Mecamylamine

Mecamylamine hydrochloride (Inversine) is a secondary amine and can therefore easily penetrate cell membranes. Its absorption from the gastrointestinal tract is more complete than that of the quaternary ammonium compounds. Mecamylamine is well absorbed orally and crosses both the blood-brain and placental barriers; its distribution is not confined to the extracellular space. High concentrations of the drug accumulate in the liver and kidney, and it is excreted unchanged by the kidney. In contrast to most of the highly ionized ganglionic blocking agents, mecamy-lamine can produce central nervous system effects, including tremors, mental confusion, seizures, mania, and depression. The mechanism by which these central effects are produced is unclear. Mecamylamine is rarely used today as an antihypertensive drug because it blocks both parasympathetic and sympathetic ganglia.

^ Study Questions

During a laboratory demonstration to depict the complexity of neurotransmission in autonomic ganglia, Professor Smith sets up an anesthetized mammalian preparation in which she is recording postsynaptic events following the electrical stimulation of pregan-glionic sympathetic nerves. This demonstrates a complex action potential that consists of a fast EPSP followed by a slow IPSP followed by a slow EPSP and finally by a late very slow EPSP.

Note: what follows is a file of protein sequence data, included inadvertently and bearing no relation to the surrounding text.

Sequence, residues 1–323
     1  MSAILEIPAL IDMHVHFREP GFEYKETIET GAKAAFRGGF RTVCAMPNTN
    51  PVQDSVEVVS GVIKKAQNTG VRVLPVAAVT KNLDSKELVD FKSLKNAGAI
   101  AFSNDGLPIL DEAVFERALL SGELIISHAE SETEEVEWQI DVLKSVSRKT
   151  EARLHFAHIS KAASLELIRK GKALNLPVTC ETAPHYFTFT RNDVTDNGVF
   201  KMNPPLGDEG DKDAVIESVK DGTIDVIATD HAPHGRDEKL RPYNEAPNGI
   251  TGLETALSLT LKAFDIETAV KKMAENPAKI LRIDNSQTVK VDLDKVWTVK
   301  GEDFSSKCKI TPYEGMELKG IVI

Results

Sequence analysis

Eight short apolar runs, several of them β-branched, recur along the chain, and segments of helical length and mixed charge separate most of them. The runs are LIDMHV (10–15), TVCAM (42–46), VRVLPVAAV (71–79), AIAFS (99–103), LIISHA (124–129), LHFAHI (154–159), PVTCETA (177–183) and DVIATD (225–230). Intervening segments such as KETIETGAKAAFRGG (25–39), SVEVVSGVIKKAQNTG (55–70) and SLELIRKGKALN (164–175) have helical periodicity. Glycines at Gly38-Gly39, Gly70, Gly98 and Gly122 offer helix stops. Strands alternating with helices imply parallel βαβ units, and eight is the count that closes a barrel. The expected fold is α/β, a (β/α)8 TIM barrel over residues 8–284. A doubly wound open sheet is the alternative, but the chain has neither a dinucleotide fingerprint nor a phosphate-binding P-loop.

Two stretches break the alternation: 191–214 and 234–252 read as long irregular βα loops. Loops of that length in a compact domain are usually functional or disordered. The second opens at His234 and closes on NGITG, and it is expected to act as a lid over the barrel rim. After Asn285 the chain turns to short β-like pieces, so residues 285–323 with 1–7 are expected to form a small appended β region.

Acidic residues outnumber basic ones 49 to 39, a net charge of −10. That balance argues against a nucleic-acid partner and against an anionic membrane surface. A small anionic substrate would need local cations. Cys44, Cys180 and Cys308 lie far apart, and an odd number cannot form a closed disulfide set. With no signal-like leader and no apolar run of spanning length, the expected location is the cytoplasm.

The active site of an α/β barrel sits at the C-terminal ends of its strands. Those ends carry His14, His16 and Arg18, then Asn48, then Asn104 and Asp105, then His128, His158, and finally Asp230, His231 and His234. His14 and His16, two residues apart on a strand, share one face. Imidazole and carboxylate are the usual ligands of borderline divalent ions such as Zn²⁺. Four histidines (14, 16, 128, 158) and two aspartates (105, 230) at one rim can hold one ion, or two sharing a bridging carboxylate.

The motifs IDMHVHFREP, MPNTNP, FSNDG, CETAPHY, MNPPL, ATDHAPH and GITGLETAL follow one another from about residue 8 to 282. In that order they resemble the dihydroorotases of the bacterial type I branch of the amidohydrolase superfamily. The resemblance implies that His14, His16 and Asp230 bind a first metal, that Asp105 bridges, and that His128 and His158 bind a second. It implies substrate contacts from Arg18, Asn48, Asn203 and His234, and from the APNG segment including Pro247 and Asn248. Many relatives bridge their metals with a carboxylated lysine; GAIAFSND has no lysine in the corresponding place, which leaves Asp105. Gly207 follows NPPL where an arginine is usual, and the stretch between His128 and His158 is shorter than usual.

1. In Professor Smith's demonstration, the mediator of the fast EPSP is

(A) Dopamine

(B) Neuropeptide Y

(C) Serotonin

(D) Angiotensin

(E) Acetylcholine

2. In Professor Smith's demonstration, the slow EPSP and slow IPSP can both be blocked by prior administration of

(A) Prazosin

(B) Sumatriptan

(C) Atropine

(D) Losartan

(E) Chlorpromazine

3. In Professor Smith's demonstration, the receptor most likely mediating the slow EPSP is

(A) Nicotinic cholinergic

(B) Muscarinic cholinergic

(C) a-Adrenergic

(D) P2X Purinergic

(E) (3-Adrenergic

4. A patient you are treating in the hospital has a hypertensive emergency, with blood pressure of 210/140 mm Hg. Of the following drugs, which would be most effective intravenously?

(A) Hydralazine

(B) Hydrochlorothiazide

(C) Trimethaphan (d) Methyldopa (E) Spironolactone

5. Ganglionic blocking agents are rarely used because of the numerous side effects they may produce. One such side effect is

(A) Increased stimulation of the genital tract

(B) Urinary hesitation or urgency

(C) Vasoconstriction

(D) Increased cardiac output

(E) Mydriasis

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